Mr. and Mrs. Elfstrom were married in Clyde, Kansas, in 1870, editor J.B. Rupe performing the ceremony. Their early married life was spent in a log house, but they had some finance and were comfortable, happy and sanguine of the future bringing them merited returns. Owing to the grasshoppers, the drouth and the high price of provisions, they saw their means vanish like snow under the rays of a warm sun, and like all the settlers of that period, they were reduced to very economical living, but by constant and assiduous labor, coupled with frugal domestic management, they had acquired a comfortable home, when, in 1880, the husband and father, in the prime of his full manhood was cut down by the "grim reaper."
Mr. Elfstrom was a powerful man and his love for sport frequently induced him to compete with his comrades and friends in a test of strength. On the fatal occasion which caused his death, several members of a threshing crew who were at a neighbors, engaged in pulling "hand-holds" and Mr. Elfstrom was matched against Julius A. Belo, another man of great strength. The strain of this test produced the rupturing of a blood vessel and he died as a result. Mr. Elfstrom was a man of more than ordinary intelligence, a rare conversationalist, spoke several different tongues, and having had early educational advantages, was a fine scholar, and through the knowledge gained by extensive travel in various parts of the world he possessed a broad fund of general knowledge.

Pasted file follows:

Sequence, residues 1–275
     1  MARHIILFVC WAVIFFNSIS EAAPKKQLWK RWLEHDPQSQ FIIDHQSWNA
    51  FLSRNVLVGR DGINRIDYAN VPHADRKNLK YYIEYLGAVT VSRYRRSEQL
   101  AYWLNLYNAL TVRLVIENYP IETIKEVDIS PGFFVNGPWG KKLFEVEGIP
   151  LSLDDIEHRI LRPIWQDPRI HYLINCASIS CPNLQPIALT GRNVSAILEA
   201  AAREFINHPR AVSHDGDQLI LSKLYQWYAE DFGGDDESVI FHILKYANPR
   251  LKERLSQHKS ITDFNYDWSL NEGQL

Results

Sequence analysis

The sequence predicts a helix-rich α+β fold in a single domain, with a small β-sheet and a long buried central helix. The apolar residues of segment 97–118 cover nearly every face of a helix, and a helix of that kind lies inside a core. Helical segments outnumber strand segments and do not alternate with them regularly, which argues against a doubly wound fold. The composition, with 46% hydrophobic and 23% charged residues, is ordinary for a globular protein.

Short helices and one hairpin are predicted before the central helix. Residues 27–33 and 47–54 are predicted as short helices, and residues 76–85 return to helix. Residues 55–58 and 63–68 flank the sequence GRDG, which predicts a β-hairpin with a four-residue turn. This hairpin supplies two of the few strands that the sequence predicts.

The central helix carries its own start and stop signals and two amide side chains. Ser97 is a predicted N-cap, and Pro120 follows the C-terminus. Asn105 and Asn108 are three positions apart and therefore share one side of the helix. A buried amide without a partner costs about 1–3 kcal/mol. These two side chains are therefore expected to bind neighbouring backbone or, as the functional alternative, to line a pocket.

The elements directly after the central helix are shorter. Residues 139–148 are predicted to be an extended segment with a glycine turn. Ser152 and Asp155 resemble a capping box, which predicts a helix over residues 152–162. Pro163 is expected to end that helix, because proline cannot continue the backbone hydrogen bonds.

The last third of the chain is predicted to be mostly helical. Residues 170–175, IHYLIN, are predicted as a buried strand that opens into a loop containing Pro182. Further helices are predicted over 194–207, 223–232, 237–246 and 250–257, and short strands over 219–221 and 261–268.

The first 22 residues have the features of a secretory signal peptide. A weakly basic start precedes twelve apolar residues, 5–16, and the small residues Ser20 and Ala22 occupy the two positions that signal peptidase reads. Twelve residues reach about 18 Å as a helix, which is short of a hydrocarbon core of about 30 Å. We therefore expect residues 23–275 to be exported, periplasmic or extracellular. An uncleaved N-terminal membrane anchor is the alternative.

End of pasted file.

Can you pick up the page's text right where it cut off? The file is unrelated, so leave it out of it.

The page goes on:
Mrs. Elfstrom kept her little brood together, and although she met with many reverses, has been rewarded with prosperity. In 1883 they erected a large stone residence, one of the best in the vicinity, which was destroyed by fire the following year. With the assistance of neighbors and kind friends they built a small frame building. There were discouragements, but her boys were growing strong each day and the school of industry in which they were reared made it possible for them to manage the farm work early in life and as they grew to manhood, better days dawned until now they occupy one of the most beautiful country homes in the community. The sons are practical farmers and stockmen and are adding other lands to the homestead. Evar, the eldest son, bought eighty acres adjoining in 1897, and in 1901 he purchased one hundred and sixty acres near Maceyville. Harold, the second son, owns a quarter section in the same locality. The brothers also rent land and are extensive wheat growers, having on an average two hundred and sixty acres. They have made their money raising wheat, cattle and hogs. Besides the two sons mentioned, there is a third, Emile, who, like his brothers, is an industrious young farmer. The daughters, four in number, are prepossessing and refined young women. Annie is married to James Johnson, and they are the parents of three children, Ralph, Hilda and an infant. Olga is the wife of Frank Moore, by whom she has had two little daughters, Allie and Myrtle. Florence is the wife of Arthur Spicer; she was a student of the Concordia High school one year. Alice, the youngest daughter, is unmarried and lives at home. The children have been educated principally in district No. 17. Thomas Malone was the first teacher of this district and taught the term preparatory to drawing the state fund and was paid in pork, flour, sorghum and sundry other articles. All three of the sons-in-law are farmers of Arlon township. The Elfstrom boys are all Republicans of staunch tendencies and are sober, honest and trustworthy young men who will make life a success.
Mrs. Elfstrom is not a woman given to extravagant expenditure, but her home is one of comfort and suggests a peaceful, happy abode. Personally she is gifted with a bright intellect and is a woman of education and accomplishment.
Transcribed from E.F. Hollibaugh's Biographical history of Cloud County, Kansas biographies of representative citizens. Illustrated with portraits of prominent people, cuts of homes, stock, etc. [n.p., 1903] 919p. illus., ports. 28 cm.